DEA’s Decision to Keeping Cannabis a Schedule I Drug Proves System is Broken

August 18, 2016

The medical marijuana community was disappointed to learn the nation’s top drug law enforcement agency — the Drug Enforcement Agency (DEA) — decided against keeping cannabis a Schedule I drug (a schedule reserved for the “most dangerous drugs” that have no “accepted medical use’ —  like heroin), to a lower schedule, like Schedule II (“high potential for abuse,” but an “accepted medical use). Schedule II drugs, like cocaine and methamphetamine, while also considered dangerous and addictive, based on federally defined criteria, apparently have “accepted medical use.”

The DEA’s decision seems to defy common sense — not to mention, science — but the reason behind their decision is the ever-evolving definition of what constitutes “accepted medical use,” a bar that seems to get perpetually higher, the closer cannabis seems poised to qualify for rescheduling. By “accepted medical use,” the DEA — along with the Food and Drug Administration (FDA) and Health and Human Services — require that before any drug be transferred to a lower schedule, it must pass an impossibly subjective “8-Factor Analysis.” Further complicating the issue, a component of this analysis, is yet another subjectively defined, “5-Criteria Analysis,” designed to assess “accepted medical use.”

What constitutes the “5-Criteria Analysis,” you say?

  • Criteria 1: The drug's chemistry is known and reproducible;
  • Criteria 2: There are adequate safety studies;
  • Criteria 3: There are adequate and well-controlled studies proving efficacy;
  • Criteria 4:The drug is accepted by qualified experts;
  • Criteria 5: The scientific evidence is widely available.

To acknowledge that cannabis has “accepted medical use,” it seems the two biggest issues the feds have, are Criteria 1 & 3.

With relative ease, anyone knowledgeable in basic chemistry and skilled in cannabis horticulture, can easily identify the basic chemical composition of any cannabis strain. And, of course, it’s easily reproducible. Cloning anyone?

However, their argument — as silly as it may seem — is that while this may be true, in practice, the cannabis one finds at dispensaries can vary greatly in chemical composition (High THC/Low CBD; High CBD/Low THC; 1:1 ratios; etc.) However, this is a poor excuse, as there are other botanicals that appear on lower schedules. (Half a dozen “poppy flower” preparations appear on Schedule II.) Moreover, by simply establishing acceptable standard therapeutic ranges would address this issue. However, that could also open a big can of worms, opening up an unwelcome expansion of FDA oversight.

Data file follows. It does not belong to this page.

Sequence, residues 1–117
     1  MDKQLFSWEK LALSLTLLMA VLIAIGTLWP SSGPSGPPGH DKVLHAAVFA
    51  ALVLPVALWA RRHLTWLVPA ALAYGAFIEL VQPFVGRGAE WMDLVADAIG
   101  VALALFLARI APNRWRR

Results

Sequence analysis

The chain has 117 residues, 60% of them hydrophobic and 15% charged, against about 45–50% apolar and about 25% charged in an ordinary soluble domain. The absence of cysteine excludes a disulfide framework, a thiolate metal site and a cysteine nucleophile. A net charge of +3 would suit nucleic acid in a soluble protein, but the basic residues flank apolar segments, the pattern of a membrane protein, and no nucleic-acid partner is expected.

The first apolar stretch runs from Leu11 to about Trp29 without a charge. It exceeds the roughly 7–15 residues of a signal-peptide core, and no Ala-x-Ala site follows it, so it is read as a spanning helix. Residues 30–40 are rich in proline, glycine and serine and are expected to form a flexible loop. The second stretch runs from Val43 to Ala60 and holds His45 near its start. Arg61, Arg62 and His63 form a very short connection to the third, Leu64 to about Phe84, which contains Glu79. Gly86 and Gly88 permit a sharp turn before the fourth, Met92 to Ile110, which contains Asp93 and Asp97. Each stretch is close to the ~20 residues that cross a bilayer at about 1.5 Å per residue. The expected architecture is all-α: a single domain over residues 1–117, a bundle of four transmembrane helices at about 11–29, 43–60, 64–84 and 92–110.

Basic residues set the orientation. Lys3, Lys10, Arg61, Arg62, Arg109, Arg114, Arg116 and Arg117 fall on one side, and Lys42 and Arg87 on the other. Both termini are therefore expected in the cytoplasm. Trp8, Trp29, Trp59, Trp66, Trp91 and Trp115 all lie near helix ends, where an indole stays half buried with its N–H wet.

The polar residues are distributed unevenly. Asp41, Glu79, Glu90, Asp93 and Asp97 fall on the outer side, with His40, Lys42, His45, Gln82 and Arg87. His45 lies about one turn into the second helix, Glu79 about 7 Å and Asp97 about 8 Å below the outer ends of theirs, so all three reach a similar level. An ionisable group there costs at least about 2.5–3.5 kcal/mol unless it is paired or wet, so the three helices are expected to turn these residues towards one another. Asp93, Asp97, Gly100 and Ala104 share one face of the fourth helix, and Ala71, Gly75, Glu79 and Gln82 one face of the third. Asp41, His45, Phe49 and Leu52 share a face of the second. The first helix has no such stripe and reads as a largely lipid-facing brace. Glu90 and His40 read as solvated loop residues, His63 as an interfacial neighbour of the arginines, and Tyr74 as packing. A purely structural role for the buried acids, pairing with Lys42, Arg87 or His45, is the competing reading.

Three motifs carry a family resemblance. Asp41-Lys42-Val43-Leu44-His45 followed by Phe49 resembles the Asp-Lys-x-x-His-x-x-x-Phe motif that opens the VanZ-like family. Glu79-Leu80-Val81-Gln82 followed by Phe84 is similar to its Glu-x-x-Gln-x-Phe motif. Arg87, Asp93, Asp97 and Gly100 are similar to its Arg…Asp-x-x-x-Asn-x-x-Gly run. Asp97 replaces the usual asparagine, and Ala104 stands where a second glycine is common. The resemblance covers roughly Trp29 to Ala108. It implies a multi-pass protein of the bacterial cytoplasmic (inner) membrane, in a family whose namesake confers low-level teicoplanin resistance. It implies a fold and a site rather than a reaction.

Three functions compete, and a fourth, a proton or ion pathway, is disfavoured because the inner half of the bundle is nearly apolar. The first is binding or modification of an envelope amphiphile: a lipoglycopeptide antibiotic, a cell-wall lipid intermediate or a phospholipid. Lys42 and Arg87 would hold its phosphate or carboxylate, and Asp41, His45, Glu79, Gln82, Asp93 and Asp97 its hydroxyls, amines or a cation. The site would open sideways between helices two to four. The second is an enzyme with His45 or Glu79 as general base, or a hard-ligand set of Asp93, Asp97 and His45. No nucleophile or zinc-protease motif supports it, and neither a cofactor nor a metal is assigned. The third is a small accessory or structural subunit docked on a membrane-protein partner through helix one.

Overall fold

The feds issue with Criteria 3 is one that causes me considerable consternation. By “adequate and well-controlled studies proving efficacy,” they mean “gold standard” randomized-controlled trials (RCTs). RCTs are FDA-approved studies that drugs go through when applying to become FDA-approved drugs. Well, it should be no surprise that none of these exist. The reason being: Federal policy makes Schedule I drugs the most difficult to study. (The first study of botanical cannabis — MAPS Foundation and Dr. Sue Sisley’s PTSD study —  took nearly seven years to work through the system.) Worse, there have long been two additional bureaucratic hurdles unique to cannabis — oddly, they don’t apply to other Schedule I drugs like heroin, LSD, or MDMA:

Obstacle 1: Public Health Service (PHS) Review

First, cannabis had to pass a special “public health service” (PHS) review, which could literally take years to go through.

Reporting on the Americans for Safe Access website, Dr. Sue Sisley, commented: "The US government has systematically impeded marijuana efficacy research, and the PHS review has played a large role in that stonewalling." Sisley continued, "It was a shameful tactic used by opponents of marijuana research who never wanted the public to see objective data about the efficacy of marijuana. To see the government finally eliminate this waste of taxpayer dollars is a triumph and hopefully represents another historic shift in drug policy reform."

Obstacle 2: The Federal Government’s Monopoly on Research-Grade Cannabis

Second, for half a century the government has operated a production monopoly on the cultivation of cannabis for research purposes. Just one source — the University of Mississippi — could supply cannabis for research purposes.